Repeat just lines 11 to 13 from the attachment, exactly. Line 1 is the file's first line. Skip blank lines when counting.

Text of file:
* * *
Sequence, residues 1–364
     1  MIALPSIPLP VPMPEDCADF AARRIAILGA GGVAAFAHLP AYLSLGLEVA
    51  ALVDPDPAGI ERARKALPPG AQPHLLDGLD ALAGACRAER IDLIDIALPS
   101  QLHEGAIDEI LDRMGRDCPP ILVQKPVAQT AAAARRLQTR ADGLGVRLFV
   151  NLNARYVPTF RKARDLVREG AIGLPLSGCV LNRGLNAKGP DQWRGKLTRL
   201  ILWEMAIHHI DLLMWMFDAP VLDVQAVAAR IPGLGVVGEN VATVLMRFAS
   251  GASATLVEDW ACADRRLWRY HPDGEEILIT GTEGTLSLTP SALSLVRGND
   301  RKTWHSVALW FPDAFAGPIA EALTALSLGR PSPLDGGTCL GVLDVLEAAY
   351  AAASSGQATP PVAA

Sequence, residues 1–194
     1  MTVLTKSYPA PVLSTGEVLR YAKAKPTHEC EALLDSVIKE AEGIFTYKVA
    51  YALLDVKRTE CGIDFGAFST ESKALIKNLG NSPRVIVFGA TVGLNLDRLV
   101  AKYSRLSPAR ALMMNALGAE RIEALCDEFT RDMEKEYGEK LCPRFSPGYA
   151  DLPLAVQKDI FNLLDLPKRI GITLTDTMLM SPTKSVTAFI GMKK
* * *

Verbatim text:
     1  MTVLTKSYPA PVLSTGEVLR YAKAKPTHEC EALLDSVIKE AEGIFTYKVA
    51  YALLDVKRTE CGIDFGAFST ESKALIKNLG NSPRVIVFGA TVGLNLDRLV
   101  AKYSRLSPAR ALMMNALGAE RIEALCDEFT RDMEKEYGEK LCPRFSPGYA